In February 2017, the Groceries Code Adjudicator ("GCA")1 clarified that retailers who directly or indirectly require or request payments from suppliers in return for shelf volume and product positioning commitments may be in breach of the Groceries Supply Code of Practice (the "Code").

The Code, which is comprised of a list of rules intended to prevent anti-competitive practices in grocery supply chains, applies to all major UK supermarkets including Aldi Stores Limited, Asda Stores Limited, Co-operative Group Limited, Iceland Foods Limited, Lidl UK GmbH, Marks & Spencer plc, Wm Morrison Supermarkets plc, J Sainsbury plc, Tesco plc, and Waitrose Limited.

The GCA's announcement comes in response to the public consultation on payments for better positioning which ran from June through to September 2016 and which enabled the GCA to investigate "how widespread these practices are…what forms they take, their impact on suppliers and their effect on competition and consumer choice." In particular, the GCA was concerned with practices which have potential to breach the Code, which clearly states that "a retailer must at all times deal with its suppliers fairly and lawfully…" (paragraph 2) and "…must not directly or indirectly require a supplier to make any payment in order to secure better positioning or an increase in the allocation of shelf space for any grocery products of that supplier within a store unless such payment is made in relation to a promotion" (paragraph 12).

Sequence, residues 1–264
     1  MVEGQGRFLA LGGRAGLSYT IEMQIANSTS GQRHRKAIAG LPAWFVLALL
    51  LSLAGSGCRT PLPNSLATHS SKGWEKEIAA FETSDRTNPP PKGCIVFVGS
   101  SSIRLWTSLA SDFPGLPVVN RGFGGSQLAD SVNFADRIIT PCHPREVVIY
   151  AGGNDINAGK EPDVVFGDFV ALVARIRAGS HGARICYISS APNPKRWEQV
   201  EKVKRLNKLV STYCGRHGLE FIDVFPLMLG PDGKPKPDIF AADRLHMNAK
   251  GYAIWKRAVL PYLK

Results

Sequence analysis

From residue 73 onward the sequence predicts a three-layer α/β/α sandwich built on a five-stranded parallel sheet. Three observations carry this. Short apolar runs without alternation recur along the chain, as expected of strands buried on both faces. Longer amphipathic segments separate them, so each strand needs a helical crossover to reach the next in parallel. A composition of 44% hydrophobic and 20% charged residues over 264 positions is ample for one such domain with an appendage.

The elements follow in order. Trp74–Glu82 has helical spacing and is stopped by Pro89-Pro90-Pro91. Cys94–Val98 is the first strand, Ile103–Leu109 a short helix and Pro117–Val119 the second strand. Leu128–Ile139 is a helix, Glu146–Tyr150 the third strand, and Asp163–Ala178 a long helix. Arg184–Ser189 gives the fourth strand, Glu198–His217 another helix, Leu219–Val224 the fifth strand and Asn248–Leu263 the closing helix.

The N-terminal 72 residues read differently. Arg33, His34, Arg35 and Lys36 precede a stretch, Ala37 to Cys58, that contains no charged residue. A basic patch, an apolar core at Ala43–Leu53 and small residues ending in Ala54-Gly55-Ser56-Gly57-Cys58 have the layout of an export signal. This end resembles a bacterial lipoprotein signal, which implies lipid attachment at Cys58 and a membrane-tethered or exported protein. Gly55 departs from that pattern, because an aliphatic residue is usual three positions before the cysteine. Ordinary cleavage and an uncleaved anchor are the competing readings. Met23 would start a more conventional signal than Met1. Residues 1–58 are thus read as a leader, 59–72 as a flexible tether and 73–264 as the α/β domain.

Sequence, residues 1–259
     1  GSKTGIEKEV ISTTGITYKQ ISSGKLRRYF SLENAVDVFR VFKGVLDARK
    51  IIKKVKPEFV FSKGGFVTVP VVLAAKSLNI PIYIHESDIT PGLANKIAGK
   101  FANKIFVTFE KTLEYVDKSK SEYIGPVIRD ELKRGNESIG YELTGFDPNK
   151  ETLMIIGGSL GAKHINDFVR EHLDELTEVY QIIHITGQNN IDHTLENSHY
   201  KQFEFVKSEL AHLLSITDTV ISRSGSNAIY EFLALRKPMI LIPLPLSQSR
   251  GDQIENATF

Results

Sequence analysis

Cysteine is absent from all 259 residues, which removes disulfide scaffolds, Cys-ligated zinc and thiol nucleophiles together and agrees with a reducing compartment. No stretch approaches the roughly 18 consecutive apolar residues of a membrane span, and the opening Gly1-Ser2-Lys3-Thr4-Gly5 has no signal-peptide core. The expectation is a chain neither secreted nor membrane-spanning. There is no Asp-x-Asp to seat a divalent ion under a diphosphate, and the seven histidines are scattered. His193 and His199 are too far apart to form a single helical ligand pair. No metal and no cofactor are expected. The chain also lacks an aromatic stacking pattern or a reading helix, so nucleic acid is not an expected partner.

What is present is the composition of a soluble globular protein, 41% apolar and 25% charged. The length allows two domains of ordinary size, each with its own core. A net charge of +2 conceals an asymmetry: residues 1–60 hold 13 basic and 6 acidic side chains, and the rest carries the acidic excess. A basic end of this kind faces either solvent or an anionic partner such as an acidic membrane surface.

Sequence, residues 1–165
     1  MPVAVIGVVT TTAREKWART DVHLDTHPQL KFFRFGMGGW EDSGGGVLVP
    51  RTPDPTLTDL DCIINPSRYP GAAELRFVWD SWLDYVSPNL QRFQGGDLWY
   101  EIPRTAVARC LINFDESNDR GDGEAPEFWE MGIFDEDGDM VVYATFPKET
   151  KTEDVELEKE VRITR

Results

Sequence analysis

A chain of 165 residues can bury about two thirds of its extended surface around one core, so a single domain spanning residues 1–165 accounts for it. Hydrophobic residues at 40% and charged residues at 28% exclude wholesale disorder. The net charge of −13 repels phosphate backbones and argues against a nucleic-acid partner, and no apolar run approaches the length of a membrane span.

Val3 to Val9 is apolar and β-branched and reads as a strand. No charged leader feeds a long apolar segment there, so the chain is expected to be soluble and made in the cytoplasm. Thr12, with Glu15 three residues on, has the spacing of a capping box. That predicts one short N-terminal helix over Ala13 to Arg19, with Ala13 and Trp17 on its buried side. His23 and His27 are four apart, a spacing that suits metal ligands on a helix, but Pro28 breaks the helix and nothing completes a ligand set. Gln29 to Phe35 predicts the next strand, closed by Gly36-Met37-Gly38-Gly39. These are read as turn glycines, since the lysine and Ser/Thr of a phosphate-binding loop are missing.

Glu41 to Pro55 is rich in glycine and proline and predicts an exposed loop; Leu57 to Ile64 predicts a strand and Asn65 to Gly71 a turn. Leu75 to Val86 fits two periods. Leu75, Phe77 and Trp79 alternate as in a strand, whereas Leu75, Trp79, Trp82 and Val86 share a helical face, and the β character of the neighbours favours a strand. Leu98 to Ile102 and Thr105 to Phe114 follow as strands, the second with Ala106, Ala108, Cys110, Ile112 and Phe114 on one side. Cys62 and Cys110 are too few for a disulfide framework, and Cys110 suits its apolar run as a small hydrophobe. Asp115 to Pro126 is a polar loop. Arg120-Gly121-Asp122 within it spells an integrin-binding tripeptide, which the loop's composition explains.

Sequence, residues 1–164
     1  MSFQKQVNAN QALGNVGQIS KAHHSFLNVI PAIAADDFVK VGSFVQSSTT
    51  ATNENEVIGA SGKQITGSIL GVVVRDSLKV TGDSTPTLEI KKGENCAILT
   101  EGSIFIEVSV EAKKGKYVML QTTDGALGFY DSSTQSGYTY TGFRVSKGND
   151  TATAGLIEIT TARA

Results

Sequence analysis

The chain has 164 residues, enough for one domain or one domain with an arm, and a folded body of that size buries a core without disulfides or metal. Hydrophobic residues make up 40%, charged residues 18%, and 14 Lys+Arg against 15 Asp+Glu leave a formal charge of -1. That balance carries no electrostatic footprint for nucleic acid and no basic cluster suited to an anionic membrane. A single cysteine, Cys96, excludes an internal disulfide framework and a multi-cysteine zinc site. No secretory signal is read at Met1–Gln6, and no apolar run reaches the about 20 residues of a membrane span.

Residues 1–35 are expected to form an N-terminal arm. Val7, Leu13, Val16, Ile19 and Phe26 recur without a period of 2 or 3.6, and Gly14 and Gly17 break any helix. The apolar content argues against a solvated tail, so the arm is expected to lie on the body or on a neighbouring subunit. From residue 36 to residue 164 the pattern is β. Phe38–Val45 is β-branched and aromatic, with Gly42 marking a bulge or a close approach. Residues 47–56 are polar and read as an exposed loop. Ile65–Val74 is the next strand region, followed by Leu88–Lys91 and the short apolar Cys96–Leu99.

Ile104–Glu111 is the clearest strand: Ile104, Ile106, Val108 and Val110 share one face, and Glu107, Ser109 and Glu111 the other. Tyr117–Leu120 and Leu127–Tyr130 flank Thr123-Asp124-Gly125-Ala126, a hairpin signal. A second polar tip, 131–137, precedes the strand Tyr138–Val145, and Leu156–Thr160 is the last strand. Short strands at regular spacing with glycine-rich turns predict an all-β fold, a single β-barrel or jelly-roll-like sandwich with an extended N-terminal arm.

The GCA has now confirmed the proper scope of paragraph 12 of the Code. In summary and in practice: "any retailer demand for payment to be made other than in accordance with the supply agreement that results in a supplier negotiating better positioning in return is not part of the normal commercial negotiations and might amount to an indirect requirement contrary to paragraph 12 of the Code".

Whilst the GCA opined that the consultation did not reveal sufficient information to merit interpretative guidance or other regulatory intervention at this stage, its statement comes as a warning to UK supermarkets. The GCA maintains the authority to conduct investigations into suspected breaches and to enforce the Code by making recommendations, requiring contraveners to publish details of any breach, and/or imposing fines.